Truth Be Told…I Learned It In Elementary School

Truth Be Told…I Learned It In Elementary School, guest post by Gary Grossman,
I remember reading an article many yesterday’s ago that I found intriguing and ultimately, absolutely, positively, unequivocally untrue.  (Of course, that wasn’t the intent.)

The story was in a publication called “My Weekly Reader,” a newspaper geared for elementary school kids. 

“My Weekly Reader” was great.  It had news articles about history, science, government, culture and profiles on interesting people.  It also gave us a glimpse into the future, through space technology, inventions and technology.  The newspaper introduced me to newspapers, to writing, to the world beyond my one-square-mile hometown.  And in one particular article it promised something wonderful.

To the best of my recollection, “My Weekly Reader” suggested that in the not-to-distant future of the 1980s or 1990s, life would be amazing.  Adults would be free of the 40-hour a week grind.  Everyone would have a liberating four-day work week.  As a result, we’d have more leisure time.  And with that leisure time, we’d be sporting about in our own personal helicopters.

The last time I looked up, down or around, I didn’t see my personal helicopter or, for that matter, anyone’s.  The last time I had a four-day work schedule was, well – never.  The last time I had true leisure time was…I can’t really remember. 

“My Weekly Reader” was so wrong with that particular prediction.  By the mid-to-late-1990s, we became attached, or leashed to an ever-increasing web of inter-connectivity to our jobs, our friends, our social groups, and our responsibilities.  The leash has only tightened since then. 

Despite that one article’s erroneous forecast of life today, that wonderful elementary school reader provided news designed to educate, inform, and ultimately inspire.  I recognized that the printed word (and now its digital first cousin) could transport us places we’ve never been, or may never visit, yet still give us an enriching experience.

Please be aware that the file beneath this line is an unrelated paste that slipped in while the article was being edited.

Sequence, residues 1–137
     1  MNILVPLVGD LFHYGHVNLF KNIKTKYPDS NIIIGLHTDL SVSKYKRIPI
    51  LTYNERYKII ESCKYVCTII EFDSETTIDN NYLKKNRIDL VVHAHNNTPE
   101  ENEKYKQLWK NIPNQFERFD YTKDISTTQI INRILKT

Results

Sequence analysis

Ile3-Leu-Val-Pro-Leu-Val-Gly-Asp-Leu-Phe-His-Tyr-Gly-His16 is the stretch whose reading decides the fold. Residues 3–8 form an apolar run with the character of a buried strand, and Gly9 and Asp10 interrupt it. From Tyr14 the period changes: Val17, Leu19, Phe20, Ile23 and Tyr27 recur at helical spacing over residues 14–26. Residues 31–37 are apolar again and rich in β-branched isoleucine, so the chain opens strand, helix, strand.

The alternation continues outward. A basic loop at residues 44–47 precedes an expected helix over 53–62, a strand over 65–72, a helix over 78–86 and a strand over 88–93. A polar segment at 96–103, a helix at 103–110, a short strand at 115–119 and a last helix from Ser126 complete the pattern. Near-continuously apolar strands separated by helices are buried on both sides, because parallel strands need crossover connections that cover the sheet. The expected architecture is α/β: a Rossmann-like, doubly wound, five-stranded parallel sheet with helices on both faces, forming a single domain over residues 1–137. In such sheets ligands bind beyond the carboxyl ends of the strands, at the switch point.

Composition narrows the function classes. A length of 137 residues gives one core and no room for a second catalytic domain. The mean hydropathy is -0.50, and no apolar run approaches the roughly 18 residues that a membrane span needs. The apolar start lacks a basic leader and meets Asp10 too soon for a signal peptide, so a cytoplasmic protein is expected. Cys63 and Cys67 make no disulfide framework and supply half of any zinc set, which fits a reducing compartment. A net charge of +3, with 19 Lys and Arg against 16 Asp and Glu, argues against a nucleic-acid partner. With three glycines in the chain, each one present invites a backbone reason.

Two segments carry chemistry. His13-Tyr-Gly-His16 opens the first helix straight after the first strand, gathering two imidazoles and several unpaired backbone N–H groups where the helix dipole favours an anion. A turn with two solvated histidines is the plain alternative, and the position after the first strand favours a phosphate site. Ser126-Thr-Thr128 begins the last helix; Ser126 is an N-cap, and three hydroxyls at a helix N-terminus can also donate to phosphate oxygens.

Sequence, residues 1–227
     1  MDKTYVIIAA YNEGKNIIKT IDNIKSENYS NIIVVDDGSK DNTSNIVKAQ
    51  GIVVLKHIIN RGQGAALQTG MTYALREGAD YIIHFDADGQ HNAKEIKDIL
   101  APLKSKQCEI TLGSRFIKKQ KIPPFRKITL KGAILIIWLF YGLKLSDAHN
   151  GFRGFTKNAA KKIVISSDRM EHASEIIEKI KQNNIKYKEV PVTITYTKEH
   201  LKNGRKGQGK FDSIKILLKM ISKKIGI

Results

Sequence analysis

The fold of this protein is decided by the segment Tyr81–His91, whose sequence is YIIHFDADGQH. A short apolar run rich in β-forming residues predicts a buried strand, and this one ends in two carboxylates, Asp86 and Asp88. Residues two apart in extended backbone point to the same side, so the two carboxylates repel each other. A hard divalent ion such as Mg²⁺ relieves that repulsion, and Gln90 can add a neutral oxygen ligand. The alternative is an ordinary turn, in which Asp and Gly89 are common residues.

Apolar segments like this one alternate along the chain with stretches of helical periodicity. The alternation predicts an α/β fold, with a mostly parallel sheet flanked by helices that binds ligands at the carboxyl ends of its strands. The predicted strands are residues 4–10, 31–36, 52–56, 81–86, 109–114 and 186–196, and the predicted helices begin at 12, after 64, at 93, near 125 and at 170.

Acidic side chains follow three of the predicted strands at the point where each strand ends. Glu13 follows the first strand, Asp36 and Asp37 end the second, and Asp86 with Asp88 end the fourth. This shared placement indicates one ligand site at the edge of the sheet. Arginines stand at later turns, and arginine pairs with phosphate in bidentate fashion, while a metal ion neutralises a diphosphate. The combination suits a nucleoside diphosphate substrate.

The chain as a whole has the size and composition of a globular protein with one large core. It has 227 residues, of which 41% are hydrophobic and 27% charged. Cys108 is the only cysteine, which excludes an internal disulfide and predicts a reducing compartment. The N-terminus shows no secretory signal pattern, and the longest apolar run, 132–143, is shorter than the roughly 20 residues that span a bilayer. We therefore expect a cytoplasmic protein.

“My Weekly Reader” introduced me to the world.  I started wondering how people researched and wrote, how they interviewed and compiled information, in a sense, how grownups managed all the things in their lives. 

Google the old publication.  It’s no longer around, but you’ll see that as kids we were, in my opinion, better informed, up on civics and government, and preparing for life that lay ahead.  It was a national kids’ school newspaper; national with relevant information for everyone.  Smart, intelligent and motivating.  It set me on my way.  As a result, I created a class newspaper in 4th grade based on “My Weekly Reader” – a Hudson, NY version.  I took that concept into my first radio announcing job at our local radio station, and then into a career as a writer and columnist for two Boston newspapers, and hundreds of television documentaries.  Clearly, it gave me the fundamentals for researching and writing that live on in my thrillers and now the publication of OLD EARTH

Even though I’m at my computer day and night, without a vacation, and still getting around on the ground on four wheels, I have to thank “My Weekly Reader.”  It all really goes back to elementary school.

Now thanks to Writers & Authors for inviting me to blog.  I hope you’ll check out OLD EARTH.  It’s published by Diversion Books and available in print, eBook and Audible editions.  Let me know what you think.  

You can reach me via my website, email at or Twitter @garygrosman1. Gary Grossman.



  1. I hadn't thought about My Weekly Reader in years, but I remember it, too! Thanks so much for sharing your recollections on the paper and what you learned from it.

  2. Lance, thanks! Google them, you'll see what remarkable stories they had and how it really helped prepare us. Shame things aren't as valued today. Best,

  3. By the way, you can reach me through twitter @garygrossman1 Thanks again to Writers & Authors for the opportunity to participate!


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